Why It’s OK to Accept Wall Street Campaign Cash

By Bill Scher
What do Hillary Clinton, Barack Obama, Franklin Roosevelt, Teddy Roosevelt and Woodrow Wilson all have in common? They all accepted campaign contributions from Wall Street tycoons. And, for those on that list who have already been president, all successfully imposed regulations on corporations anyway.

“There is a reason why these people are putting huge amounts of money into our political system,” said Sen. Bernie Sanders during last week’s Democratic debate. True enough. But the reasons why Democrats take it, and what that money buys, is a more complicated matter.

The modern Democratic Party, while never the party of Big Business, has long been financed by a combination of large and small donors. In 1912, Woodrow Wilson’s presidential campaign made a concerted push for small donors, attracting an impressive 90,000 contributors. But more than two-thirds of the money raised came from a handful of millionaires including Wall Streeters Henry Morgenthau, Jacob Schiff, and Bernard Baruch.

The Internet Age has dramatically changed fundraising in the ensuing 100 years—or has it? On one hand, then-Sen. Barack Obama was able to tap nearly 4 million individual donors in 2008. On the other, when it came to actual dollars donated, the share coming from small donors was a similar one-third. Not only did some of Obama’s top bundlers hail from the world of finance, but he also took in almosttwice as much Wall Street money as his Republican opponent, John McCain.

Sanders doesn’t name-check Woodrow Wilson on the trail, perhaps because the Wilson administration prosecuted his socialist hero Eugene Debs and imprisoned him. Sanders does, however, lean heavily on the two Roosevelts in making the case for his platform. Yet both of them tapped the financial industry to make it to the White House.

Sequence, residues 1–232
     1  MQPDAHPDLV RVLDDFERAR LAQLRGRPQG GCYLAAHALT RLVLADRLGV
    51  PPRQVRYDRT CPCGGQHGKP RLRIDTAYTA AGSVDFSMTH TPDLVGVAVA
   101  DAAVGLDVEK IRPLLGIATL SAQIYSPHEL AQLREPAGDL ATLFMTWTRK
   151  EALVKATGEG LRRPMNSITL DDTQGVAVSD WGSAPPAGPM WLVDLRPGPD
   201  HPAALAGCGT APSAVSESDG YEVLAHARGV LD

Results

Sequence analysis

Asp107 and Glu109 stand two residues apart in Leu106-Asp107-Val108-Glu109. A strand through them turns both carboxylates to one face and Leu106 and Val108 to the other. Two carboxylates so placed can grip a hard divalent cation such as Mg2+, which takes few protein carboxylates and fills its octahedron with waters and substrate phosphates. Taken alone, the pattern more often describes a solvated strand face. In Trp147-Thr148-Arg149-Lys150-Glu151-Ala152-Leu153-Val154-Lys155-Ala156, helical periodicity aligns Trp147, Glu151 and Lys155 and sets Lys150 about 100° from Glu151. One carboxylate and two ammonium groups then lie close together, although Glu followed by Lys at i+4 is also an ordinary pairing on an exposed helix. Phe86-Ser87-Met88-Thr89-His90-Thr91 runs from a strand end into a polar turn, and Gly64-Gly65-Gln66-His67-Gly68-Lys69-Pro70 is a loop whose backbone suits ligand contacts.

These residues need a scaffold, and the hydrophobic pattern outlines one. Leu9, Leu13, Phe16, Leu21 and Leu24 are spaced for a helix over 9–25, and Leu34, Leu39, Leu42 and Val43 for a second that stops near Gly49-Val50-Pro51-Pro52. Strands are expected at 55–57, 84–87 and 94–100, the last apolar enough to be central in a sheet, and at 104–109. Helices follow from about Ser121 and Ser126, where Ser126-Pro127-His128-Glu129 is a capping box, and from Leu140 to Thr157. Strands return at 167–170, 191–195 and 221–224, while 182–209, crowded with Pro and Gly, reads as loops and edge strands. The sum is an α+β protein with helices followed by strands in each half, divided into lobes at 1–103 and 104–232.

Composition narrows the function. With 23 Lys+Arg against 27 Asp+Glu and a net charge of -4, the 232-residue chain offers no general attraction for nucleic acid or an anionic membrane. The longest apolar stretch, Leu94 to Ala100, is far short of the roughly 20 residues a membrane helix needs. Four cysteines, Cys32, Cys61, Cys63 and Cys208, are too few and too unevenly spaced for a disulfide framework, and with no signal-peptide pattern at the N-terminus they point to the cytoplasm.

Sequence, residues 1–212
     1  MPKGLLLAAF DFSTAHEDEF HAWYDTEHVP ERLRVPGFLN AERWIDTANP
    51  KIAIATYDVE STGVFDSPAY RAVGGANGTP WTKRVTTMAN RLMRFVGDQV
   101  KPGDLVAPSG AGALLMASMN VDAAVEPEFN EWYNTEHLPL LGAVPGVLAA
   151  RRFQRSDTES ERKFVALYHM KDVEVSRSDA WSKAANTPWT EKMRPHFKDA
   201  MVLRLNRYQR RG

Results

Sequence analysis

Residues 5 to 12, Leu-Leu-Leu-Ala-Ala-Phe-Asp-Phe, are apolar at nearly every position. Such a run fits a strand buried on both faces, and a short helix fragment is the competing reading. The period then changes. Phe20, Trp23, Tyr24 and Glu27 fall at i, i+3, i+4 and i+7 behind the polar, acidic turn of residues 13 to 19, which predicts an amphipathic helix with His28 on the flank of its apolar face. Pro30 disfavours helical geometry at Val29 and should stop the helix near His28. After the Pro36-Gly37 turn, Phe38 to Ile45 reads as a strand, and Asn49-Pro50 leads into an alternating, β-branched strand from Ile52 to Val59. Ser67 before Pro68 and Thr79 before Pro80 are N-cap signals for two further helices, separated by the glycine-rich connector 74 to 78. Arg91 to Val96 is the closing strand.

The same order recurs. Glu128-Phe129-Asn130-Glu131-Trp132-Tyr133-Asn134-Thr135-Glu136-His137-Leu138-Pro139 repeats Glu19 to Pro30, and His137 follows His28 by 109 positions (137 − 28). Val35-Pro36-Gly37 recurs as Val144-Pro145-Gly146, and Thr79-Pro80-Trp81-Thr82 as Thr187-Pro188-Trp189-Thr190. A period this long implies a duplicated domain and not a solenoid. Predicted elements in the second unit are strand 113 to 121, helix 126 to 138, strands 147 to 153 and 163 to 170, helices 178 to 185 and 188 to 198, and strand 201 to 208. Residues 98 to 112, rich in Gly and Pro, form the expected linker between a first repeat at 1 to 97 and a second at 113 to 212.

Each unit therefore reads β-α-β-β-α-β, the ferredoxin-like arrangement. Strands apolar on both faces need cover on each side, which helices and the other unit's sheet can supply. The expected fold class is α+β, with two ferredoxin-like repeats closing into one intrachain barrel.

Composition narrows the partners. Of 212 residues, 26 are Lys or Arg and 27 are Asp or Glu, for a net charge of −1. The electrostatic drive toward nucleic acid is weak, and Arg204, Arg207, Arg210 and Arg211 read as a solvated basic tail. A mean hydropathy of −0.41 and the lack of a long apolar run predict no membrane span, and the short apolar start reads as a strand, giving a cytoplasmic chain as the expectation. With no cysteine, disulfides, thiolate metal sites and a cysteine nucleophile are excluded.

Approximately 25 percent of FDR’s donations in 1932 came from Wall Street. For the progressive Republican Teddy Roosevelt, the extent of his reliance on Wall Street was kept secret during his successful 1904 campaign. It was only fully revealed in the midst of his 1912 third-party challenge with this scathing headline:“Wall Street Favored Roosevelt, Admits Monster 1904 Slush Fund.” J.P. Morgan himself ponied up $150,000. The Standard Oil monopoly gave $100,000 while the question of whether Roosevelt would bust them up was up in the air.

Why did these supposedly liberal champions take all this corporate money? Well, there is the little matter of winning. In the 2012 campaign, the first of the Citizens United era, Mitt Romney and his allied super PACs spent just over $1 billion trying to win the White House. How did Obama survive? By spending the same amount, making sure his message could not be drowned out. And as good as Obama’s small-donor base was, it couldn’t produce $1 billion by itself.

But is it a deal with the devil? What do these corporate donors ultimately get?

Sometimes nothing. Standard Oil, for example, still got busted up by Teddy Roosevelt. “We bought the son of a bitch, but he wouldn’t stay bought,” groused top donor and steel magnate Henry Frick.

More often, as Obama plainly said to anybody paying attention in his famous 2008 “Yes We Can” speech, “they get a seat at the table, they don’t get to buy every chair.”

Democrats can’t solely cater to corporate interests; then their small donors would take a hike. But neither can Democrats dismiss their pleas and risk all of Corporate America unifying behind the Republicans. In the end, the interests of Democratic big donors and small donors have to be reconciled through compromises.

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